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October 26, 2010

About  my pictures:

I am interested in themes of complex spirituality, human consciousness, the ephemeral nature of life and the things that never go away.  But eventually everything goes away or at least changes.  This is nothing new to talk about yet I think about it frequently.  I care deeply about other human beings and what they experience, but only know how to begin with myself.

It seems like I want you to have that “ah-ha” (thanks Nancy) moment and then question it. Or perhaps this is what the experience of both life and picture taking, the great moment where everything resolved and then slowly or quickly dissolves, changes or fades. Then something else happens…The pictures are evidence what was there at one moment in time, maybe even of things that stay stationary for relative epochs, like our memories of people that we haven’t seen for a long time or just haven’t  recognized as changing.

I’m interested in faith in spite of the ephemeral, tokens and monuments to these. I’m interested in things both in decay and well maintained, because, as a human beings, we all have the potential to experience both of these many times in our lives.

I was at the hospital a few weeks ago, waiting for mine turn in line to receive a permission form to receive files of the x-rays of my recently broken arm.  There was an exasperated woman there who had been waiting for a couple hours to receive permission to take her grandson’s records so they could proceed with whatever it is he needed at another hospital. The frustration on her face went beyond this occasion.  She was her grandson’s caretaker and consistently had to deal with bureaucratic perplexities in trying to care for him. She was spending her whole day trying to get this important information and eventually was sent to another place. She lives in Coney Island and it was something that took up her whole day.  I know how many days and hours and minutes I spend dealing with crap like this. I don’t even have a grandson I have to care for. I wondered briefly why her daughter was absent.  It must be hard for all of them. It took me a couple of hours to get my x-rays but my day was better than hers. Although, the next day I got caught in the rain with the ICP’s Mark II and my dog and a broken arm and was running late to class.  How precious are the moments when we aren’t dealing with bullshit.  I grew up with a religious rhetoric where the end of the world was coming at any moment and later I created situations where it definitely was. And now sometimes even these small moment feel just like mini Armageddons.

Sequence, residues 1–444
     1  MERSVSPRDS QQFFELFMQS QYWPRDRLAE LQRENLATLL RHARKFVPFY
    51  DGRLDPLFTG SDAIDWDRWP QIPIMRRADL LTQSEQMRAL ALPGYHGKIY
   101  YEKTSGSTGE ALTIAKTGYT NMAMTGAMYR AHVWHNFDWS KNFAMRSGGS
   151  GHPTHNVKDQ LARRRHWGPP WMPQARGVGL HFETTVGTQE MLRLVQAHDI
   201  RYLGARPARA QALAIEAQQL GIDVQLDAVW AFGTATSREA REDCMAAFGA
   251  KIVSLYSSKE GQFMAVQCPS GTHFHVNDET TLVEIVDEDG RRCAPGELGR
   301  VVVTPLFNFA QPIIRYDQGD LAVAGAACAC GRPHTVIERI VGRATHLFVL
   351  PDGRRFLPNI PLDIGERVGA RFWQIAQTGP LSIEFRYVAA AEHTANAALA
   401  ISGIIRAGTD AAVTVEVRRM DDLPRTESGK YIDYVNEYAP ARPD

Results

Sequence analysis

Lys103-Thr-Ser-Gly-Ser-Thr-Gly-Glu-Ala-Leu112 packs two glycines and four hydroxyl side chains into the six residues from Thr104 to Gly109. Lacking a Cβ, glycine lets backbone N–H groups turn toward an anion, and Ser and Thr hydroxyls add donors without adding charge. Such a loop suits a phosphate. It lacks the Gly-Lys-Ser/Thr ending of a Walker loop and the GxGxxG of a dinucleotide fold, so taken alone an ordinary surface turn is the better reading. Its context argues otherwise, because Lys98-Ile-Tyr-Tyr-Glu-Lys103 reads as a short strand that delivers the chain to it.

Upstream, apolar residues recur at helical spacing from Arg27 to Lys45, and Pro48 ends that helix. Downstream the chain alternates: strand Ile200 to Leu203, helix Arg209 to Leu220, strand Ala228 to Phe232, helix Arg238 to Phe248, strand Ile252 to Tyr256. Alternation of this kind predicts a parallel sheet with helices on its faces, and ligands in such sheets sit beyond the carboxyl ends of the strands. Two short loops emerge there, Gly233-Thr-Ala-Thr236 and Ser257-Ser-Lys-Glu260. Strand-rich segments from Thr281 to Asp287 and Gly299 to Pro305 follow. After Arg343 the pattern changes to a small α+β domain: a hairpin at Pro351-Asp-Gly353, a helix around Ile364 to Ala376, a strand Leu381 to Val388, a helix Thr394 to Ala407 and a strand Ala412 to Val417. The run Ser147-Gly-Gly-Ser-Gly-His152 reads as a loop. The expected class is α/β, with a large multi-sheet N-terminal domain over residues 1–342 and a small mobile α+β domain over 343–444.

It is important to me to know how people read the images and the edits.  I know I have something substantial and important to convey but I’m struggling how to put these moments together.


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